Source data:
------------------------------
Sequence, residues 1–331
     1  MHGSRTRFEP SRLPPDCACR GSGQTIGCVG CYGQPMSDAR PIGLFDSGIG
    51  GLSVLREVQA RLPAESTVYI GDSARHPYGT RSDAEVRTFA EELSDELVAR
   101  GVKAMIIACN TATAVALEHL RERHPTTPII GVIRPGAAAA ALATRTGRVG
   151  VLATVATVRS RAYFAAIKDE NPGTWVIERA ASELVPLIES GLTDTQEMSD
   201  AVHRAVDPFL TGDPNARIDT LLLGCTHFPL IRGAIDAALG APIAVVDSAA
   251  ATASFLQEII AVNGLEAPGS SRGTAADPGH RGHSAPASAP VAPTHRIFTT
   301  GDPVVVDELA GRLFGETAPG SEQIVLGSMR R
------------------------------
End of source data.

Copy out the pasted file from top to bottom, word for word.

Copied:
Sequence, residues 1–331
     1  MHGSRTRFEP SRLPPDCACR GSGQTIGCVG CYGQPMSDAR PIGLFDSGIG
    51  GLSVLREVQA RLPAESTVYI GDSARHPYGT RSDAEVRTFA EELSDELVAR
   101  GVKAMIIACN TATAVALEHL RERHPTTPII GVIRPGAAAA ALATRTGRVG
   151  VLATVATVRS RAYFAAIKDE NPGTWVIERA ASELVPLIES GLTDTQEMSD
   201  AVHRAVDPFL TGDPNARIDT LLLGCTHFPL IRGAIDAALG APIAVVDSAA
   251  ATASFLQEII AVNGLEAPGS SRGTAADPGH RGHSAPASAP VAPTHRIFTT
   301  GDPVVVDELA GRLFGETAPG SEQIVLGSMR R